Silent Running (1971) **
Some movies are such obvious products of their times that it is simply impossible to imagine them being made in any other. The technologies they employ, the attitudes the reflect, the assumptions they make about the way the world works— these things all combine in some peculiar way that pins the film down to a certain era. And let me tell you, 1971 was the only time in all of human history that could possibly have produced Silent Running. For one thing, there were still great numbers of hippies running around in 1971, and a fair proportion of them still hadn’t been completely neutralized by their years of intensive drug use. ‘71 also seems to have been the year that environmentalism finally broke out into the mainstream— that was the year when car manufacturers began re-tuning their late-60’s engines to take unleaded gasoline in the real world, while in the reel world, it brought us the first wave of ecology-conscious monster movies. And finally, it seems to have been about then that mistrust of government and authority really started to spread out from the counterculture into society at large. With all that going on in the background, the stage was set for an era of unprecedented pessimism and paranoia in popular entertainment— for a brief interval, in other words, during which a movie about a spacefaring hippy and his pet robots turning to violence in order to protect the last 31,000 square feet of natural Earthly ecosystem in the universe from destruction could actually be taken seriously.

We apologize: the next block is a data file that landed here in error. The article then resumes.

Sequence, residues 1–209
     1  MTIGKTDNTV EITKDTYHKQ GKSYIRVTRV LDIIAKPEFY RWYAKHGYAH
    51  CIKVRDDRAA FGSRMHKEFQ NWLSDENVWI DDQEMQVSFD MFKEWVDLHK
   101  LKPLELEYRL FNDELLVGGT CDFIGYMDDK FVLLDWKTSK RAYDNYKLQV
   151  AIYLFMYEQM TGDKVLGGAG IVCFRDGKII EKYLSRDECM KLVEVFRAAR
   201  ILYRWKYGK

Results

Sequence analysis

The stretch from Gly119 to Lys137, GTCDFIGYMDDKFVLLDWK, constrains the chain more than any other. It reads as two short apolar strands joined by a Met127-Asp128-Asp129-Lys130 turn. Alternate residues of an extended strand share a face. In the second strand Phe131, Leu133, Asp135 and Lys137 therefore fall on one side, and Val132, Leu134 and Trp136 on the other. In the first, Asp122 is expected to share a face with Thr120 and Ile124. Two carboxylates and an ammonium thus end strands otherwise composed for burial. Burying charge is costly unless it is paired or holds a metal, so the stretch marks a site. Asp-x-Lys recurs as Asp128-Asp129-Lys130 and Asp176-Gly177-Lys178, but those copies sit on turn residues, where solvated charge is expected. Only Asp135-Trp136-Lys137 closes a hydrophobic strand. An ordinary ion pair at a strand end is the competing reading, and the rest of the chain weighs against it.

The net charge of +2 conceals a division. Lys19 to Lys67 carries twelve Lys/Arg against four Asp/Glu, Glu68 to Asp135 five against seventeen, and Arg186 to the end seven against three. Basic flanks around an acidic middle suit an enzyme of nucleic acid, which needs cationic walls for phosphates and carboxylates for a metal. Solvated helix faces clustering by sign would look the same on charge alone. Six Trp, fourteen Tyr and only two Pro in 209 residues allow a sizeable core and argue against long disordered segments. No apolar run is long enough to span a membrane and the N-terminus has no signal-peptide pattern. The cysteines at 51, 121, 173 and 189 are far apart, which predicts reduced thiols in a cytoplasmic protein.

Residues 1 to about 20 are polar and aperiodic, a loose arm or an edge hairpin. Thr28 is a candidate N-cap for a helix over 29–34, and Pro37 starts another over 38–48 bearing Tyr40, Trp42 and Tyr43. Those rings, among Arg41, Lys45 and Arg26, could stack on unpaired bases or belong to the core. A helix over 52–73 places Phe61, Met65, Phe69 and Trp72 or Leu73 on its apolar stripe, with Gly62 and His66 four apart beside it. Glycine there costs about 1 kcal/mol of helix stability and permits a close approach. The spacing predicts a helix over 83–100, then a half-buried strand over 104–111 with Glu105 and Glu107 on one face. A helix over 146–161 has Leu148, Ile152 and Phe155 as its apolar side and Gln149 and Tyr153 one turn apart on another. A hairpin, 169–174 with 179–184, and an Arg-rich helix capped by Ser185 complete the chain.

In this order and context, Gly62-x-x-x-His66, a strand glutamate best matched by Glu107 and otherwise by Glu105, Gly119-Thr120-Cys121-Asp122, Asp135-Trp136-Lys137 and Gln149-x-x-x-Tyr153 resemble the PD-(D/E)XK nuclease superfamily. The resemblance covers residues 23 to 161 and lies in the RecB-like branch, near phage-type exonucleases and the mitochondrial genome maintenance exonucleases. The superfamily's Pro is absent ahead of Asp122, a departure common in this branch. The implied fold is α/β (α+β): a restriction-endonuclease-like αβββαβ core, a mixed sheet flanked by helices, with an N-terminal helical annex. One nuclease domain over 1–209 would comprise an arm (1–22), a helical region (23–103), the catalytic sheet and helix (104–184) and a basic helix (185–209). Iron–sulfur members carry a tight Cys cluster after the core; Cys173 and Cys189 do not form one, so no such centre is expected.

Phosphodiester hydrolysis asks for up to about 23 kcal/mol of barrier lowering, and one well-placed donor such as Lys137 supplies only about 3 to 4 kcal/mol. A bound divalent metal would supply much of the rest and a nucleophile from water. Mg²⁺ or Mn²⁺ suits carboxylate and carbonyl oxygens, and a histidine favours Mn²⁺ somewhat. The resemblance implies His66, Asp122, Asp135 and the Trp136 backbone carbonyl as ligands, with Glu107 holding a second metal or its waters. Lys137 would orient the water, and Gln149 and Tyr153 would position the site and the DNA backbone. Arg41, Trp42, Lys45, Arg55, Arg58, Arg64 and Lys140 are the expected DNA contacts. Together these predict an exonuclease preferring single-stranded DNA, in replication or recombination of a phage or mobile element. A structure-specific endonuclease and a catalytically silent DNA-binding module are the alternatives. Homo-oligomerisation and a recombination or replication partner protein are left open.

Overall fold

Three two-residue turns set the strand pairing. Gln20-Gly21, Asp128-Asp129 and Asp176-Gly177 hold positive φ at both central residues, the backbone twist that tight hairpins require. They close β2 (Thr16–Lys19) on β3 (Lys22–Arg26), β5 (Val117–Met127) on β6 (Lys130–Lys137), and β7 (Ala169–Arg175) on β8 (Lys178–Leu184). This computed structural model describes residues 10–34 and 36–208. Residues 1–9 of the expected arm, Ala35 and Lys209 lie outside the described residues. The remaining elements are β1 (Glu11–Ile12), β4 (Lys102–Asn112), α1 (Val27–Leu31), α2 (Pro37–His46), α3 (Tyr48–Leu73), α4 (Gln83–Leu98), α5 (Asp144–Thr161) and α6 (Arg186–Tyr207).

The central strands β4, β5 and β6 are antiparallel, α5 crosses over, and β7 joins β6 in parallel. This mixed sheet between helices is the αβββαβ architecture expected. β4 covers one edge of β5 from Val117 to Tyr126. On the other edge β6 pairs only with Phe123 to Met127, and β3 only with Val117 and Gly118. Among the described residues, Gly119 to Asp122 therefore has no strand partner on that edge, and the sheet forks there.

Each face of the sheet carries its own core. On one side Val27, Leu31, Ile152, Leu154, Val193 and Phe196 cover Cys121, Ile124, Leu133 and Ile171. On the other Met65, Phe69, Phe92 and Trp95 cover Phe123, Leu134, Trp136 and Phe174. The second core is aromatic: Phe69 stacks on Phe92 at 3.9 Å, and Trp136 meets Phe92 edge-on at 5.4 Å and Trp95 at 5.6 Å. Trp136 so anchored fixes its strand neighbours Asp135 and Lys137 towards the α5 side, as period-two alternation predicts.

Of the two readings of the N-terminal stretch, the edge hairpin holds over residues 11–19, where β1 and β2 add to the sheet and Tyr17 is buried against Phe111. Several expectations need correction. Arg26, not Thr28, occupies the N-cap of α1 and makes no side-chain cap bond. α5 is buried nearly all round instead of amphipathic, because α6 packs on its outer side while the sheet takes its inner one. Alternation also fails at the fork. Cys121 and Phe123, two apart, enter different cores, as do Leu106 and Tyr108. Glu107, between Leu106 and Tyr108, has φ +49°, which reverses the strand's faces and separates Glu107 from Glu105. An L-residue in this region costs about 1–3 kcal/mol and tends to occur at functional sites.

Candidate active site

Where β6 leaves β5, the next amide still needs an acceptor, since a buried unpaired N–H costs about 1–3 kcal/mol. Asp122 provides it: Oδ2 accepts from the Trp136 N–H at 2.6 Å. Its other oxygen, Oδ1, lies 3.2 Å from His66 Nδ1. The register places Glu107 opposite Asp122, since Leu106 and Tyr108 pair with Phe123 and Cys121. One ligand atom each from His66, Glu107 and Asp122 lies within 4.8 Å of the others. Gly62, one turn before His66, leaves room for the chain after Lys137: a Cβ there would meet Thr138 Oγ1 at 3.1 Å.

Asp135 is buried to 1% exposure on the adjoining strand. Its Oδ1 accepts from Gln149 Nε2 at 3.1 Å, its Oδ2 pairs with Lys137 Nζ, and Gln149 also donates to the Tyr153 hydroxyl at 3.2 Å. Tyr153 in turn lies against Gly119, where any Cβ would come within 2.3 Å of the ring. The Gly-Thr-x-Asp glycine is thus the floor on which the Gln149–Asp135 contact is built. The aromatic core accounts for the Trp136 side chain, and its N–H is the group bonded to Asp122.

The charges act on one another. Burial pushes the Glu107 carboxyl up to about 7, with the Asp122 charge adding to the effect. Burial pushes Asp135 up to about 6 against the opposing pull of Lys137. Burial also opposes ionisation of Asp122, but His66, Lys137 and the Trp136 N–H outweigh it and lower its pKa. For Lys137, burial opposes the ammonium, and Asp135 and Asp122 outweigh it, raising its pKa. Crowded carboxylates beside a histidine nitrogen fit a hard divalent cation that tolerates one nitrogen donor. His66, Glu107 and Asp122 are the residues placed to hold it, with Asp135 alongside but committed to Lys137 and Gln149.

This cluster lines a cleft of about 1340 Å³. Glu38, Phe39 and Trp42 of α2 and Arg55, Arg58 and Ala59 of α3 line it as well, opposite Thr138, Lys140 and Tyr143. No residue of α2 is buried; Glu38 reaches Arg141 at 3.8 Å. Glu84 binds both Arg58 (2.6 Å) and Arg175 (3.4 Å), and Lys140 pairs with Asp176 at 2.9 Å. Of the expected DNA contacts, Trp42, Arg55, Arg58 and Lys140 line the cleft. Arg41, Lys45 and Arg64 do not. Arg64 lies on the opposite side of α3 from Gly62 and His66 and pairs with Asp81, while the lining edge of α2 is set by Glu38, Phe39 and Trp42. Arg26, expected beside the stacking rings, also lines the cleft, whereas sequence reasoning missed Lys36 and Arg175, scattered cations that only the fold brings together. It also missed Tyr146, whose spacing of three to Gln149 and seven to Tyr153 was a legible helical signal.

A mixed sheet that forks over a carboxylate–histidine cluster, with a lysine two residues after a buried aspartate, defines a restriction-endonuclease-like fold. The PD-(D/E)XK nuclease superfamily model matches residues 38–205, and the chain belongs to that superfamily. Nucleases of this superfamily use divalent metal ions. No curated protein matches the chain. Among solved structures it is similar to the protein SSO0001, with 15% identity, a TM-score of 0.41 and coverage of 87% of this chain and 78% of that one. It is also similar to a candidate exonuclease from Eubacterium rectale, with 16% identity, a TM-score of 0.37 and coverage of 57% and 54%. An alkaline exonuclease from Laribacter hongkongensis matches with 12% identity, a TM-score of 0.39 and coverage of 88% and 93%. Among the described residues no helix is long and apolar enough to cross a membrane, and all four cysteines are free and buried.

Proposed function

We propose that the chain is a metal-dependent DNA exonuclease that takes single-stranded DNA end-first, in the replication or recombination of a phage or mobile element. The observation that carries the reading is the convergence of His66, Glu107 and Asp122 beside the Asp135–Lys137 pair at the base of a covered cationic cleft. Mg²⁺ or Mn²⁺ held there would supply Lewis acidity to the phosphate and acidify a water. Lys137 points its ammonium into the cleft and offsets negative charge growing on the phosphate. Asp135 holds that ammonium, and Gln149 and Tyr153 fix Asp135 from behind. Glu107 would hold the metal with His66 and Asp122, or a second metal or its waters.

Freeman Lowell (Bruce Dern, from The Wild Angels and The Incredible 2-Headed Transplant) is part of the four-man crew of the spaceship Valley Forge. This vessel is part of a squadron of four former interplanetary freighters in orbit around Saturn, which have been converted to carry the biological heritage of Earth. The planet itself has been completely built and paved over, and transformed into a single, homogenous, climate-controlled environment fit only for human beings. The Valley Forge and her three sister-ships each carry six geodesic domes, about 200 feet in diameter, each of which houses a different preserved ecosystem. (Among others, the Valley Forge carries a North American pine forest and a piece of the Southwestern American desert.) The original idea, apparently, was that these ships would eventually be called home, and their cargo used to refoliate the planet, and Lowell is still a true believer in that original mission. Unfortunately, the other fifteen men in the squadron have other ideas. We never meet the crews of the other three vessels, but Lowell’s crewmates are eco-philistines of the first order. Our first look at Wolf (Cliff Potts), Barker (Ron Rifkin), and Keenan (Jesse Vint, from Bug and Pigs) comes when they race the all-terrain go-carts they use to get around inside the immense ship into the forest dome where Lowell is tending to the small garden he has created in a clearing near the entrance, and drive over Lowell’s vegetables. These three actively resent their mission, seeing absolutely no point in preserving the last of Earth’s non-human biomass, and wishing with all their hearts that leveler heads will prevail back home, and order the whole project abandoned.